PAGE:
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Frost’s slick stickhandling, smooth skating stride and vision make him capable of playing on virtually any line. However, the team’s goal should be to maximize talent. His showed his ability to back-check in his time with the big club, an indication that he can and should stay at center at the highest level. The wing is an option, but the Flyers will be hard-pressed to find a way to get Frost in the lineup for good next season.
Bunnaman also got his first crack at the NHL this season and was mostly hitting his stride before the trade deadline. His point totals weren’t flashy, but he had developed chemistry while centering the fourth line alongside Nicholas Aube-Kubel and Raffl. The trio formed a strong possession line that was relentless on the forecheck.
This is exactly the model that teams look to emulate in their bottom offensive groupings: an energy line that can steal shifts. Even if the points never pick up for Bunnaman, he has shown that he can play a specific role in the NHL, which is no small feat. While not the most exciting option, he is up to the task at the bottom of the lineup.
Friedman’s place in the organization may very well be determined in the next few months. He has progressed from the college ranks to the AHL and has been a mainstay for the Phantoms for the last three seasons. He has some offensive skill, decent skating and is no liability in his own end. The trouble with Friedman is that the Flyers have invested a ton of draft capital in rebuilding their defense from scratch, meaning he’s been leap-frogged a few times by blue-chip prospects.
It is no fault of Friedman’s either. He has been consistent in the AHL, so much so that there isn’t anything left for him to prove at that level. In the handful of games he has seen in the NHL, he has been respectable if unremarkable, adhering to the adage that “if no one notices you on defense, you’re not making mistakes.” The Shayne Gostisbehere situation will have major implications for Friedman, as will Robert Hagg’s and Justin Braun’s contract negotiations. How the Flyers approach this offseason could be the difference between Friedman receiving an extension or not. He will be vying for the sixth or seventh defenseman spot.
Kase saw his first NHL action this season, playing in a meager six games for the Flyers. He scored just one goal but didn’t seem out of place. Playing on the fourth line, Kase showed off his strong skating ability and aggressive style of play. He has never been a potent scorer, even in lesser leagues, but he is the kind of player who frustrates opponents. He is not particularly physical, but he is always around the puck and makes smart reads to steal possession. He doesn’t make big mistakes, which makes him a solid choice for a fourth-line winger with good speed.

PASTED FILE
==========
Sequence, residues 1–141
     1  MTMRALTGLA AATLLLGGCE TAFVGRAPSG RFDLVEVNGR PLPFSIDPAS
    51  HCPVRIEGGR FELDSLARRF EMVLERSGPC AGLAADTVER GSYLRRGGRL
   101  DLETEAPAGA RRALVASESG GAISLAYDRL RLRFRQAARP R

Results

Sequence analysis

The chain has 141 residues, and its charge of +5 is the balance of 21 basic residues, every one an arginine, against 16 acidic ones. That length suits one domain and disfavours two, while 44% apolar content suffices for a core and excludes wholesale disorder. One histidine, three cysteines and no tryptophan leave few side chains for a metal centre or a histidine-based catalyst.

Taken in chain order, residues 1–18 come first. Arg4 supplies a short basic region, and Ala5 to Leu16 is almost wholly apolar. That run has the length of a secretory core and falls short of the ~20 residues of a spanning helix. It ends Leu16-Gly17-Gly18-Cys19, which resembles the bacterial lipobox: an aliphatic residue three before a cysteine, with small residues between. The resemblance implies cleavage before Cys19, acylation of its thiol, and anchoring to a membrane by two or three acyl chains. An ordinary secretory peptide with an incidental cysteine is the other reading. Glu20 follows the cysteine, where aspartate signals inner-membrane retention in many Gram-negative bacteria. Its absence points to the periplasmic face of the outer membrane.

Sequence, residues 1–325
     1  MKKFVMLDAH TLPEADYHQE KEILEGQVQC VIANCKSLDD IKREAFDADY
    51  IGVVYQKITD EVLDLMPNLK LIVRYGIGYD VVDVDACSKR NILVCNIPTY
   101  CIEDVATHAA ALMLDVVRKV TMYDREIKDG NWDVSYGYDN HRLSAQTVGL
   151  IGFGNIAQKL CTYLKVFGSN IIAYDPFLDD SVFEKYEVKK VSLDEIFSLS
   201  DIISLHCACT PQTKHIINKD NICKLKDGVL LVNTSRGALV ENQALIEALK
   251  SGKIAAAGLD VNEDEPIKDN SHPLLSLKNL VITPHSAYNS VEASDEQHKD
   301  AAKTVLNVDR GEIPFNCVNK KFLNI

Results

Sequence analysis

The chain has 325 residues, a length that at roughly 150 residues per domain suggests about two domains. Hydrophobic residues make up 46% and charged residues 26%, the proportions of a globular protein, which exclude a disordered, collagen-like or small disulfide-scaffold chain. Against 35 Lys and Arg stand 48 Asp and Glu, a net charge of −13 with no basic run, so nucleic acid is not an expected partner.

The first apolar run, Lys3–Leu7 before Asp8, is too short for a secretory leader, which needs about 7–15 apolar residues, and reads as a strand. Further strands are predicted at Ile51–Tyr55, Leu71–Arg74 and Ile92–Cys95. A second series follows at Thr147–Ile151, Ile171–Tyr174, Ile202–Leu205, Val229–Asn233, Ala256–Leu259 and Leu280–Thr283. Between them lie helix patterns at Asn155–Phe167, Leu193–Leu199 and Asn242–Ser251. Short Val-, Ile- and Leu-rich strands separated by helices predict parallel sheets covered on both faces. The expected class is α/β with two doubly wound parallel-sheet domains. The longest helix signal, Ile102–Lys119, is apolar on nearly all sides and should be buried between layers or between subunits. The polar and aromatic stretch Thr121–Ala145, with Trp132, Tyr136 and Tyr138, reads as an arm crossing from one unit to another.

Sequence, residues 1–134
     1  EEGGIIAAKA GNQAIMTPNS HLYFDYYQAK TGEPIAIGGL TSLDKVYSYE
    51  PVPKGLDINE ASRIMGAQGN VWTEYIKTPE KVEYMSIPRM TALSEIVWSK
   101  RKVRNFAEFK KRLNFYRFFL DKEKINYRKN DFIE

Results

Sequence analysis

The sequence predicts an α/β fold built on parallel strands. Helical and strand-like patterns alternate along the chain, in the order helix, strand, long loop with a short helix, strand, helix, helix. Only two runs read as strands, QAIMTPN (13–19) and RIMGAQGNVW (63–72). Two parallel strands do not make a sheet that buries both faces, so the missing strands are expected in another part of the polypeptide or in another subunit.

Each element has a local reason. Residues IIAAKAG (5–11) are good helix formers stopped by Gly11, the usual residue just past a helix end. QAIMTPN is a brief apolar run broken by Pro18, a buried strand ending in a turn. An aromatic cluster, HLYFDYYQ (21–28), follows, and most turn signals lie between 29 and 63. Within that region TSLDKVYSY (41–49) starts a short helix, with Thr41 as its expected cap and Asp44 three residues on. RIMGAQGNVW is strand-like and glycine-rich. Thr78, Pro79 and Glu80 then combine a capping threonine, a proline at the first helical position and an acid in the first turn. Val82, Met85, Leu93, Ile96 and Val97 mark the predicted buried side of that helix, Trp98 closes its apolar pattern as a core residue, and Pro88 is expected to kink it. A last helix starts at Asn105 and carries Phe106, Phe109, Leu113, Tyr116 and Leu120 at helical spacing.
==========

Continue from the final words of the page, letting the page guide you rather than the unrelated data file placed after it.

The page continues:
Much of what was said about Bunnaman can also be said about Twarynski. He had spurts of strong play on the fourth line this season and can be an effective forechecker. He is a power forward at 6-foot-2 and 200 pounds and has shown offensive aptitude in the past.
He isn’t afraid to put the puck on net and has a decent shot. Consistency is the missing piece of the puzzle right now. He is primarily a winger, which helps his case, but even if he doesn’t make the team to start the season, he will likely remain near the top of the call-up list while in Lehigh Valley. He is an NHL player, however, finding the right role for him will be important.
Coming off major shoulder surgery, former first-round pick Rubtsov was gaining momentum before going down with an injury. He is a responsible two-way player that has been looking to reclaim some of the offense that made him a touted prospect.
How he recovers from surgery will help inform the Flyers’ final decision.
No one has had worse injury luck to start their career than Samuel Morin; he has torn his ACL twice. He is likely a bottom pair defenseman in the NHL, and his ability to maul people is also attractive for a team lacking some toughness, but health is the big question.
He has resumed skating after his most recent ACL tear and will look to bounce back heading into next season.
Zamula is heading into his first season as a pro. An undrafted free agent, he has flashed top-pair potential, especially in international play for Russia at the World Junior Championship. He suffered a season-ending back injury, but his ceiling remains lofty. He will be a player to watch in Lehigh Valley. If he succeeds there, the NHL may call for him sooner than later.
Competition Breeds Excellence
With so many prospects reaching the peak of their development at the same time, the roster decisions are getting tougher and tougher in Philadelphia. There will be several players who end up on the outside looking in that are capable of playing in NHL. Having this kind of depth is a good problem to have, but finding the ideal line combinations will be a challenge, especially with so many viable options for so few spots in the lineup. Chuck Fletcher has a contender on his hands, now he must fill in the last few blanks to complete a championship roster.